An economics, investment, trading and policy blog with a focus on Modern Monetary Theory (MMT). We seek the truth, avoid the mainstream and are virulently anti-neoliberalism.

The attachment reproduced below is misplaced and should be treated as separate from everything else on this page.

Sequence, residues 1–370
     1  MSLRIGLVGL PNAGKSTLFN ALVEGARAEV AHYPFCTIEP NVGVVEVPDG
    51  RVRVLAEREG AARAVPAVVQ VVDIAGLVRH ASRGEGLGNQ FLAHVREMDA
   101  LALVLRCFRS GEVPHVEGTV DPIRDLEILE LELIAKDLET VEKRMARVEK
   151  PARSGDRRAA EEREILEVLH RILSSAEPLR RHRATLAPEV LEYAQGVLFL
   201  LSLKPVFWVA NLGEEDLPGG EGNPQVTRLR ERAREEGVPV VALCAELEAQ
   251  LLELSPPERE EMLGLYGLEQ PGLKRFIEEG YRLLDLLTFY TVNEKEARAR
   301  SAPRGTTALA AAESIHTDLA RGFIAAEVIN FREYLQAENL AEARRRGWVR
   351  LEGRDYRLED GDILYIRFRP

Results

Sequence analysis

Why economists know nothingComment on Steve Roth on ‘Why Economists Don’t Know How to Think about Wealth (or Profits)’The short answer is because economists are scientifically incompetent. The profit theory is false since Adam Smith or, as the Palgrave Dictionary puts it, “A satisfactory theory of profits is still elusive.” (Desai, see also 2014; 2015) In fact, Walrasians, Keynesians, Marxians, Austrians have NO idea of the pivotal concept of their subject matter.Scientific standards are well-defined: “Research is in fact a continuous discussion of the consistency of theories: formal consistency insofar as the discussion relates to the logical cohesion of what is asserted in joint theories; material consistency insofar as the agreement of observations with theories is concerned.” (Klant, 1994, p. 31)In order to establish material consistency one needs measurement and one of the most important measurement tools of economics is national accounting. The importance of national accounting for testing of economic models is comparable to CERN for testing in physics. The MMTers got the point, yet in general it holds that economists neither understand the significance nor the elementary mathematics of national accounting. The most idiotic argument of the morons who overpopulate economics is ‘That’s just an accounting identity.’Economic theory and accounting are like hand and glove. Therefore, it is of utmost importance that the foundational concepts are consistently defined and the SAME in theory and accounting. It is the worst mistake to play accounting against theory/model. At a deeper level they have a common conceptual/formal core. But at the moment both spheres are disjunct and the foundational concepts are wildly inconsistent.Because the nominal magnitudes of accounting are a subset of a comprehensive theory which is composed of nominal and real variables, the concepts have have to be consistently defined in theory and then applied one-to-one in national accounting. Theory has to take the lead. The mistake of MMT is that accounting takes the lead.From methodology it is known that “The often heard rule that concepts are to be defined before they are used in a discussion is much too simple minded pre-Hilbertian. The only way to arrive at coherent languages is to set up axiomatic systems implicitly defining the basic concepts.” (Schmiechen, 2009, p. 344)The fact of the matter is that Walrasian microfoundations and Keynesian/MMT macrofoundations are axiomatically false. This is why economics is a failed science.Steve Roth names two big discrepancies between theory and national accounting, i.e. ‘The Paradox of Monetary Profits’ and ‘Saving and Investment’. These discrepancies can only be resolved by a paradigm shift, that is, by a move from false Walrasian microfoundations and false Keynesian macrofoundations to entirely new macrofoundations.*Egmont Kakarot-HandtkeReferencesKakarot-Handtke, E. (2014). The Profit Theory is False Since Adam Smith. What About the True Distribution Theory? SSRN Working Paper Series, 2511741:1–23. URL http://papers.ssrn.com/sol3/papers.cfm?abstract_id=2511741.Kakarot-Handtke, E. (2015). How the Intelligent Non-Economist Can Refute Every Economist Hands Down. SSRN Working Paper Series, 2705395: 1–6. URLhttp://papers.ssrn.com/sol3/papers.cfm?abstract_id=2705395.Klant, J. J. (1994). The Nature of Economic Thought. Aldershot, Brookfield, VT: Edward Elgar.Schmiechen, M. (2009). Newton’s Principia and Related ‘Principles’ Revisited, volume 1. Norderstedt: Books on Demand, 2nd edition. URLhttp://books.google.de/books?id=3bIkAQAAQBAJ&printsec=frontcover&hl=de&source=gbs_ge_summary_r&cad=0#v=onepage&q&f=false* For details see cross-references Profit, I=S, Accountinghttp://axecorg.blogspot.de/2015/03/profit-cross-references.htmlhttp://axecorg.blogspot.de/2015/01/is-cross-references.htmlhttp://axecorg.blogspot.de/2016/12/accounting-cross-references.html
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